Putin warns of Russian demographic decline

 28 Nov 2017 - 17:01

Putin warns of Russian demographic decline
A general view of the so-called Building One of the Kremlin, which houses President Vladimir Putin's working office, in downtown Moscow on November 28, 2017. AFP / Alexander NEMENOV

AFP

Moscow: President Vladimir Putin on Tuesday announced a string of reforms aimed at boosting birth rates in Russia as the population continues its long-term decline following a period of improvement.

"Today... Russia's demographic situation is once again deteriorating," Putin said at a meeting on child policy in Moscow. 

"This tendency was predictable and is linked to the consequences of previous, overlapping deep demographic declines," he said. 

He pointed to the decline of the Russian population as a result of the Second World War and "roughly the same decline in the mid-1990s due to enormous problems in the economy and de facto breakdown of the social sphere." 

The government would reset its demographic development policy and pay particular attention to low-income families, he said.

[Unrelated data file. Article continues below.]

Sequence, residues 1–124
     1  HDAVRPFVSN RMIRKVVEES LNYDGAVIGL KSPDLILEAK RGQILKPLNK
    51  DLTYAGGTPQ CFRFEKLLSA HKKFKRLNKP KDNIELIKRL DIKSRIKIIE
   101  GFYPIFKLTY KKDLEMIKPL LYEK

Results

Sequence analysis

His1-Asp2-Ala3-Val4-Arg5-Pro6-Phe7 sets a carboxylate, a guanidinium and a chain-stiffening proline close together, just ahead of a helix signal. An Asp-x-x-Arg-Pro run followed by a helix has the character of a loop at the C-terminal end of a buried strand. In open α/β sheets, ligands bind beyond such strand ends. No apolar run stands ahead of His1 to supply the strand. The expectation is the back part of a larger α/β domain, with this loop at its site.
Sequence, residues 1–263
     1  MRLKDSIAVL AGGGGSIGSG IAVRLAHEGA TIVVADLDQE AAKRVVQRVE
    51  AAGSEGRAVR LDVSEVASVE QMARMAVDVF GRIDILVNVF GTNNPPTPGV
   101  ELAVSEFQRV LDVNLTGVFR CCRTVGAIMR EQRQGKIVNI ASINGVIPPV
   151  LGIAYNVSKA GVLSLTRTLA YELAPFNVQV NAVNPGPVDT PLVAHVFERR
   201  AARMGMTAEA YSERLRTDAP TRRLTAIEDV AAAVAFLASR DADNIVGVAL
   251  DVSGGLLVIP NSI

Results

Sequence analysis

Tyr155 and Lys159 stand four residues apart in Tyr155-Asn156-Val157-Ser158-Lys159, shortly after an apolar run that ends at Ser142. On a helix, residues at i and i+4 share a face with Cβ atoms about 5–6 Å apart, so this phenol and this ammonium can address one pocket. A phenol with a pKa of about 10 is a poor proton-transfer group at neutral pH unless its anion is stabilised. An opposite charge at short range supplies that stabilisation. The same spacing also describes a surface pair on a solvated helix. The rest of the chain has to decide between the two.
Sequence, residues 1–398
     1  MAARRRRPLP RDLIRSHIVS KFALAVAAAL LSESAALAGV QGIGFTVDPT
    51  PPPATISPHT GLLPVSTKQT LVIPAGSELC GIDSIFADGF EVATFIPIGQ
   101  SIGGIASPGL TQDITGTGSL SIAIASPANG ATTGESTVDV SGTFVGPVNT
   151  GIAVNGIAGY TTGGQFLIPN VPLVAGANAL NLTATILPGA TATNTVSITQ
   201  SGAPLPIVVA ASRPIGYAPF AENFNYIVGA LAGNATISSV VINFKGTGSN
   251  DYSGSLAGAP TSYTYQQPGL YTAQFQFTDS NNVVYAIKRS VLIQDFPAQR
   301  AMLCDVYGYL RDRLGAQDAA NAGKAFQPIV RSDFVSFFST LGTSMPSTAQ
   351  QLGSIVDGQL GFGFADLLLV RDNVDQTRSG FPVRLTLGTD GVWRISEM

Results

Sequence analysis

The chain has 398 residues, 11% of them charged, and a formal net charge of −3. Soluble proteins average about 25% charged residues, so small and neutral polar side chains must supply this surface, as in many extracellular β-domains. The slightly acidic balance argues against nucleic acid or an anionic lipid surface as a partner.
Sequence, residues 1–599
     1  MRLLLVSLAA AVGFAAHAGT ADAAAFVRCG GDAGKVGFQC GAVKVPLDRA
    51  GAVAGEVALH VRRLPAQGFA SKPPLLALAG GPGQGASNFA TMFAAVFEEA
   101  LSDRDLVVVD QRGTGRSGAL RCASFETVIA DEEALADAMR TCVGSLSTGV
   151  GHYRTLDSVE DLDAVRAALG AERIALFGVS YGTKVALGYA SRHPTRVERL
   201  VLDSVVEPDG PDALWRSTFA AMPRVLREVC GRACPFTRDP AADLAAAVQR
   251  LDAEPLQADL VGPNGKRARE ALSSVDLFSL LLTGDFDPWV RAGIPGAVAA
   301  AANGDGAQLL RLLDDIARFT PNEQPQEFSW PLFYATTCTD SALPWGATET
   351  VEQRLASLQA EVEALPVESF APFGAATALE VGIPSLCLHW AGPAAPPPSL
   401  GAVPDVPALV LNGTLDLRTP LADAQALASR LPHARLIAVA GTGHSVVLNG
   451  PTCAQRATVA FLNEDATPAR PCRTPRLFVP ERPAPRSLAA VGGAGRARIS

Putin, who has made improving the country's demography a priority in his three presidential terms, announced new monthly handouts for the birth of a first child that will come into effect from January 1. 

The Russian leader said his government would allocate $2.4 billion (two billion euros) to the scheme, which would give Russian women an allowance of $180 for 18 months after the birth of their first child. 

Russia, home to 146.9 million people, has seen its population decrease by more than five million since the fall of the Soviet Union in 1991. 

The country then plunged into a deep demographic crisis due to worsening living standards, an increasing death rate and falling birth rates. 

After a period of improvement, Moscow's demographic decline now seems to be worsening again. 

According to the Russian statistics agency, the country lost 106,200 people between January and October 2017. During the same period in 2016, Russia gained 18,200 people.